The media industry is accustomed to a fast pace. Those who stream their entertainment want wider bandwidth. Film releases now make their way to home devices faster than ever, sometimes simultaneously. News doesn’t wait for print but evolves with real time updates.
The digital nature of the world, which continues to advance to accommodate the need for speed, however, also comes with a certain level of risk: cyber security threats and attacks continue to expand as well.
Here is what you need to know.
Expanding Definitions of the Media Industry
Media just means film, print, radio, and television, but you also need to consider the many forms of media available today. From streaming music and video (not just broadcast) to traditional printed books and digital formats, from gaming systems to social media—what falls under the umbrella “media and entertainment” is a vast, multi-billion dollar industry.
That industry employs people all around the world, especially when you factor in tangential companies such as papermakers for printed media and trailer-makers or storage facilities for the film industry. Any single one of those points, virtually all, communicate digitally within their respective fields.
Each point of digital communication represents another place in need of cyber threat defense.
Not Just Theorizing
The media industry is accustomed to protecting itself, right? From copyright laws and FBI warnings before movies to the security and protection of intellectual property, few industries have anywhere near the same level of experience in protecting intangibles.
But digital data represents new threat territory. When Sony Pictures got hacked, reportedly in protest of its portrayal of the nation’s leader in the comedy The Interview, executives saw insider email leaked on the internet.
When a production company got hacked, cyber threat actors held content from Orange is the New Black for ransom, ultimately leaking it online. HBO suffered a similar attack when a Game of Thrones script and content got leaked by hackers. All of this is just to say that precedent has been set…and continues to rise.
Cyber Threat Intelligence
Fortunately, defense against cyber threat also continues to evolve but has become a specialized field. Just as fire safety mechanisms are built into a building, but one still has an inspection from the fire marshall and a fire department “on call,” cyber threat defense teams understand the nuance of cyber security threats.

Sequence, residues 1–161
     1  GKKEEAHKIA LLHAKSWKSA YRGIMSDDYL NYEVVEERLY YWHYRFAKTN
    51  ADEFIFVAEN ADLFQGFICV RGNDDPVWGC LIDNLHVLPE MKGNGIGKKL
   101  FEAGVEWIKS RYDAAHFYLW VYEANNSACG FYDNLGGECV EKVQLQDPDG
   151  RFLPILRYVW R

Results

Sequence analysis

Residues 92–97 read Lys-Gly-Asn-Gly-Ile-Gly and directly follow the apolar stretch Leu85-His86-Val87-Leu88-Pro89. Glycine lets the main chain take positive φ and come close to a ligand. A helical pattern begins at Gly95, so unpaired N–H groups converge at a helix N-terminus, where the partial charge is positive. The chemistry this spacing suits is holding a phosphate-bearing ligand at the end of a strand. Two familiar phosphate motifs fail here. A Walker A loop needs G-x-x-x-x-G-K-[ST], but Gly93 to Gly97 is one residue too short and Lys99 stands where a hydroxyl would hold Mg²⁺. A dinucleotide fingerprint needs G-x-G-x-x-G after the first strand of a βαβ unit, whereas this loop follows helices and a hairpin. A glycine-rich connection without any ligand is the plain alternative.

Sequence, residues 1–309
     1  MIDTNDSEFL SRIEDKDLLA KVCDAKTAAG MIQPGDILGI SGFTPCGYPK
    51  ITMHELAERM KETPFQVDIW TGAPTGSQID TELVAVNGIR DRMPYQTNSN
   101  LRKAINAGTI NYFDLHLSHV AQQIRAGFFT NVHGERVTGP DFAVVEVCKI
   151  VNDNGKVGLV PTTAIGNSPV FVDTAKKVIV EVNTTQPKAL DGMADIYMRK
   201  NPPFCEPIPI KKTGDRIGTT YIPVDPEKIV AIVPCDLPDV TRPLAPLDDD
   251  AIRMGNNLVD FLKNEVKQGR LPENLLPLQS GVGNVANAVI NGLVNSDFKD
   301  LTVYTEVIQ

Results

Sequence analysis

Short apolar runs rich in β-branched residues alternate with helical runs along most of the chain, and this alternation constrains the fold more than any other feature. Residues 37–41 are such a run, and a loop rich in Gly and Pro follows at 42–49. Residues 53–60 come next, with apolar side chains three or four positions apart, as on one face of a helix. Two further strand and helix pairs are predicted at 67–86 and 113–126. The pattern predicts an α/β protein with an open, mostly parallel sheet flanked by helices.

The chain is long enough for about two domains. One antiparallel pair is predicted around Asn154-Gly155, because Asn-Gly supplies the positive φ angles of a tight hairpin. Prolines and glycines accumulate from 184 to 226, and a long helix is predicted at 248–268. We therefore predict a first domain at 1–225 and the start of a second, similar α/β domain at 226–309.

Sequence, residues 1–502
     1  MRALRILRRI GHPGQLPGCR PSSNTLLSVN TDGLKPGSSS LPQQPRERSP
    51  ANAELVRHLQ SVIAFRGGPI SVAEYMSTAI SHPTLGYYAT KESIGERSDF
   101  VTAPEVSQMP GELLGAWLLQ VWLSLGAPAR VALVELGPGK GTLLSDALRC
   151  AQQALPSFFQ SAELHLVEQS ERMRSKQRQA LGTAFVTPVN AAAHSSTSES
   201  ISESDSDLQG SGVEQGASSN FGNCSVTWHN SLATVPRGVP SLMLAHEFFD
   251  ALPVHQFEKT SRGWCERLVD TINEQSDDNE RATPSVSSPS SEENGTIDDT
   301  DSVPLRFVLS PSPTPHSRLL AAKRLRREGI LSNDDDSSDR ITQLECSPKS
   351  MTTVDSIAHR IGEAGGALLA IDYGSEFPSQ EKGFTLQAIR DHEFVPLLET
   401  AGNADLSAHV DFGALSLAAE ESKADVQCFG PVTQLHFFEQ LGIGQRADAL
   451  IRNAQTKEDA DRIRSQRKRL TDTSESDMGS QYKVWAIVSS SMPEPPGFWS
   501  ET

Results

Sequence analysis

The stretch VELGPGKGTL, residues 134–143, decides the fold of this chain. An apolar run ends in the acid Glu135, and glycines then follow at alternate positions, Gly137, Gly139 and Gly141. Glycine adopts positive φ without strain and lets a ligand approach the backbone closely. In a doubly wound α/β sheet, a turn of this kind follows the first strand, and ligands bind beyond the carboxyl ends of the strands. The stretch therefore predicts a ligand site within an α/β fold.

The primary hacking techniques still utilize the same insider weaknesses, threats against which every media organization of every size can protect itself. Common cyber security weaknesses include:
- Weak passwords — Passwords should not be words, even with subbed numerals, and should contain both symbols and letters (upper and lower case).
- Passwords repeated between sites — When one site is compromised, cyber threat actors attempt the same credentials on other sites, which can cause a hack to quickly spread.
- Failure to use 2FA — Two-factor authentication requires a secondary verification, such as code texted to the user’s known cell phone number, anytime a new device attempts to log in.
- Phishing schemes — Clickbait or fake requests embedded in emails or social media feeds to steal user credentials.
- Cloned websites or accounts — Duplicated (sometimes exceptionally well) user accounts or websites, such as a fake “friend request” designed to prey on the unsuspecting.
While these schemes and scams continue to evolve in sophistication, they do frequently have certain common denominators. That means that user education, including both internal and also end user education, can do a great deal toward protecting against cyber infiltration.
Get Ahead of the Game
When you are ready to get ahead of the game, contact our team of cyber security experts. We work both proactively and reactively to stop cyber threats against the media industry.